Album review: I Love The Rhythm In A Riff by the Boilermaker Jazz Band

I Love the Rhythm in a Riff

The Boilermaker Jazz Band recently released their newest album, I Love The Rhythm In A Riff, to celebrate 30 years together as a band! Can you believe it? I can’t. Paul Cosentino, the band’s tenor and alto saxophonist, clarinetist, and bandleader, offered to send a copy of the new album to any swing DJ who told him they wanted one, and I couldn’t write my email fast enough!

Paul Cosentino explains the album’s dual theme in the liner notes:

During the wonderful but all too short time known as the Swing Era, band leaders, jazz musicians, and singers were superstars…All of the bands had a book of great tunes for people to dance and listen to. Often filling the book was a collection of catchy riffs – songs with snippets of repeated melody that get stuck in your head and are great vehicles for jazz improvisation. Another requirement was wonderful vocal numbers – usually about love…This recording brings to life those two seminal categories of swing music.

The album overall has a bright, energetic feel, with a number of songs fast enough for balboa and competition-level Lindy Hop. Special guest Gordon Webster joined the usual suspects in the studio, and his piano solos shine on every track. I’ll go through the songs individually and note what I like about each.

920 Special, 4:13, 190 BPM

This cover of the popular jazz standard “9:20 Special” has marvelous solos from several band members, including Tony DePaolis on bass and guest Gordon Webster on piano. It chugs along just like the train it’s named after!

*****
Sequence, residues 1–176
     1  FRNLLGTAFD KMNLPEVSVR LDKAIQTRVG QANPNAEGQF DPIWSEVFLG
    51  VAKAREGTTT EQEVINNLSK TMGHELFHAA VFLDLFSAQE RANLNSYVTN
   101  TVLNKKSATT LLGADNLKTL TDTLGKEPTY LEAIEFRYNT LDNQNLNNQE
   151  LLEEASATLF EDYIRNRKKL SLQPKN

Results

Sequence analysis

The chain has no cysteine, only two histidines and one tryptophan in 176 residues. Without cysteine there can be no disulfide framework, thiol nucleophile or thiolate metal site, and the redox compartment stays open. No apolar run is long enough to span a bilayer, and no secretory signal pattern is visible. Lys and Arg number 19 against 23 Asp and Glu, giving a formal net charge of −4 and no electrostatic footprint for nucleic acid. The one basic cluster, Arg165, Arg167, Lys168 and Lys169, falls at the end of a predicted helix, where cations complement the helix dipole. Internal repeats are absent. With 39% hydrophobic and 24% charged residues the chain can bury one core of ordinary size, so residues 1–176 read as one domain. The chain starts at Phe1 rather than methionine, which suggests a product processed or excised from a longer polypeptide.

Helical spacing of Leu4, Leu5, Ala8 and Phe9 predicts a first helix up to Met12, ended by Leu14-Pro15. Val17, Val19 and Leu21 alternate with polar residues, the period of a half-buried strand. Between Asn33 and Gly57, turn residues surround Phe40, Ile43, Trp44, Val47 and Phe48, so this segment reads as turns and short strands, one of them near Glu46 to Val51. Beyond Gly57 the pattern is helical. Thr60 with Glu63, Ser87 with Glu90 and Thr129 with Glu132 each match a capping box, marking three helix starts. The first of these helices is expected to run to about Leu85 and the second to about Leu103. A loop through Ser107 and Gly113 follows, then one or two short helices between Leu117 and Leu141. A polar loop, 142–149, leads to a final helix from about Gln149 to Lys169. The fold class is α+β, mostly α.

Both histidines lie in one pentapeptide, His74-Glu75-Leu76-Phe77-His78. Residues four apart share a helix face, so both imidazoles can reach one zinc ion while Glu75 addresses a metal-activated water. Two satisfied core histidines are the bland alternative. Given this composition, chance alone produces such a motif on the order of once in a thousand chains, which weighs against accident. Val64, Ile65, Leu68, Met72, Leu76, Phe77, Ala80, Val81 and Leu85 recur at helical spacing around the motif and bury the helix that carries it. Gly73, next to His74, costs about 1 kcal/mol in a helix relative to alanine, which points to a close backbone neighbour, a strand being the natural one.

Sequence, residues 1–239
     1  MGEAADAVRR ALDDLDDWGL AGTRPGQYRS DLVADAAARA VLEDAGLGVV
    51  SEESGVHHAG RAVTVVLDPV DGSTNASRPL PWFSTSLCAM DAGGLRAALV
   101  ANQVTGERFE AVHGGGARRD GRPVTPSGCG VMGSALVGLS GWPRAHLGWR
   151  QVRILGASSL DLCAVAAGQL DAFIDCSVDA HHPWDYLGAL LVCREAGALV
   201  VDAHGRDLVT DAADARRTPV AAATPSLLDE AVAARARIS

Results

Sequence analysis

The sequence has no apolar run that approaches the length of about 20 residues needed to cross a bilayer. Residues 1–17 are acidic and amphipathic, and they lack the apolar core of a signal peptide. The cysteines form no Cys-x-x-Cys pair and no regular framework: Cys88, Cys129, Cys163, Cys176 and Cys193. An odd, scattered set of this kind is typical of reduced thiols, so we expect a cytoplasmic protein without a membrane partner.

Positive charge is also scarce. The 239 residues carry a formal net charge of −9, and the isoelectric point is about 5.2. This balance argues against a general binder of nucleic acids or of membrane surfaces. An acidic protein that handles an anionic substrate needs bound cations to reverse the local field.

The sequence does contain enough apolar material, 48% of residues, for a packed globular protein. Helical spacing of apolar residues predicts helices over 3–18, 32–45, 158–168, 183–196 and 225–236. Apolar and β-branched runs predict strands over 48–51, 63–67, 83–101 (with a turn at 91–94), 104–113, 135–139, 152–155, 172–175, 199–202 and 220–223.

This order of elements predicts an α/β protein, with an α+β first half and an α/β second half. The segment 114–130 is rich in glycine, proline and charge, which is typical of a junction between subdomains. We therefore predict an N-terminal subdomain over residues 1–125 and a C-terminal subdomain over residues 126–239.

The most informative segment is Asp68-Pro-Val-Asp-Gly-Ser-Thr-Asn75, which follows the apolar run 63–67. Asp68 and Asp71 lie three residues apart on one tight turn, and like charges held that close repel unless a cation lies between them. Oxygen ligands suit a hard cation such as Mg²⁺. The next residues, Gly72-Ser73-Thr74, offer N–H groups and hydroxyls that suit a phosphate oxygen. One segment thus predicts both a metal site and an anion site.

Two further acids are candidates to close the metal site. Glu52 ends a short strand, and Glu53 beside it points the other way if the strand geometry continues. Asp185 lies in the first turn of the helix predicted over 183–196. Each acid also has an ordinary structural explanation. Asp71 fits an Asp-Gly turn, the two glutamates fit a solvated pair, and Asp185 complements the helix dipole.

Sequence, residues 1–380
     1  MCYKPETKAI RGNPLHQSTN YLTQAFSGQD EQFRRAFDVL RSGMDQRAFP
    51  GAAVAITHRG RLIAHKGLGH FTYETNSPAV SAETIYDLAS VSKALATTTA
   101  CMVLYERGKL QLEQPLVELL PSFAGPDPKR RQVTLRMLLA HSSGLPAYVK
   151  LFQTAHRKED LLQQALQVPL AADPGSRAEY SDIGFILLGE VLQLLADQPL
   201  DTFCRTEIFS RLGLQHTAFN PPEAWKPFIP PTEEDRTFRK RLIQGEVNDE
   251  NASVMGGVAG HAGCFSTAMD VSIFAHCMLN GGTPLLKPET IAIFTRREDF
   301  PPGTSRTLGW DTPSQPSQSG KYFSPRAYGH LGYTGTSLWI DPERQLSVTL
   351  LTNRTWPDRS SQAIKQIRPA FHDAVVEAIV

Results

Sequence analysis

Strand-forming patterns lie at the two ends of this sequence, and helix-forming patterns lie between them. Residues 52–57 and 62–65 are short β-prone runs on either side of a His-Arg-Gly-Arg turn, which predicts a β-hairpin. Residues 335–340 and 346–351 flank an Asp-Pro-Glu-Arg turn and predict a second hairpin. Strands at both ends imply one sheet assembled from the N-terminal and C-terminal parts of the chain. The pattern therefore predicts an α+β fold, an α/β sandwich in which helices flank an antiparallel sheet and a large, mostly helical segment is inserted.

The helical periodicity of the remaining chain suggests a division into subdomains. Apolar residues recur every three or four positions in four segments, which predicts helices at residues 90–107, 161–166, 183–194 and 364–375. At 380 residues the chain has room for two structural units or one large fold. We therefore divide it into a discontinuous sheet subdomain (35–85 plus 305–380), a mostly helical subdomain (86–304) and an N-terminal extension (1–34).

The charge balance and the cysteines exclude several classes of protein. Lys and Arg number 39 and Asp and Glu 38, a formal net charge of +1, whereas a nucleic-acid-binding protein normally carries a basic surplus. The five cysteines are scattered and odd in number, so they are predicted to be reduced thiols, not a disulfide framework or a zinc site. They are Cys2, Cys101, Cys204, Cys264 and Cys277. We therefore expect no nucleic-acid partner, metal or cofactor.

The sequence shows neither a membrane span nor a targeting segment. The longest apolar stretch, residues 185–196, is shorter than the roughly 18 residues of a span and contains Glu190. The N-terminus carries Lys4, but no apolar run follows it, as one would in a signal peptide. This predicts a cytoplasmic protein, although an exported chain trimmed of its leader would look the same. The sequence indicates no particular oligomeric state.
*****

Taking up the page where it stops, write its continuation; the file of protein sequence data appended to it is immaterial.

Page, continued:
They Say It’s Wonderful, 4:26, 130 BPM

Paul Cosentino leads the way with vocals on this sweet track. Its gentle movement is accessible for beginners, but there’s some expressive piano in there from Gordon Webster for more advanced dancers to play with.

Squatty Roo, 3:59, 204 BPM

I love every version of this Johnny Hodges tune I’ve ever heard, and this one is no exception! The melody is just so bright and engaging – it was hard not to get up and dance when this came through my headphones. Gordon Webster does some mindblowing solo work on this track – especially admirable at this tempo.

I Had The Craziest Dream, 4:09, 108 BPM

This song feels like walking through a garden in the sunshine on a day when you have nothing else to do. It’s very slow, and that only adds to its loveliness – Jennifer McNulty on vocals doesn’t hurt, either.

Esquire Bounce, 3:47, 180 BPM

This happy little riff has a more intimate feel than the cover recently released by the Brooks Prumo Orchestra on their own album, Pass the Bounce, since it opens with just Paul Cosentino and Jeff Bush leading on saxophone and trombone (as opposed to the Brooks Prumo Orchestra’s, well, orchestra).

Sweet and Slow, 4:10, 101 BPM

Normally, I’d rather dance to something faster – but if anyone could change my mind, it would be the Boilermaker Jazz Band. Artful piano notes from Gordon Webster sparkle over a rumbly rhythm, held down by Tony DePaolis on bass and vocals, and Thomas Wendt on drums.

Oh! Look At Me Now, 4:39, 124 BPM

Jennifer McNulty and Paul Cosentino share the mic on this tune, made famous by Tommy Dorsey and Frank Sinatra, according to the album liner. I enjoy Jeff Bush’s trombone solo, as well as the smooth and easy pace.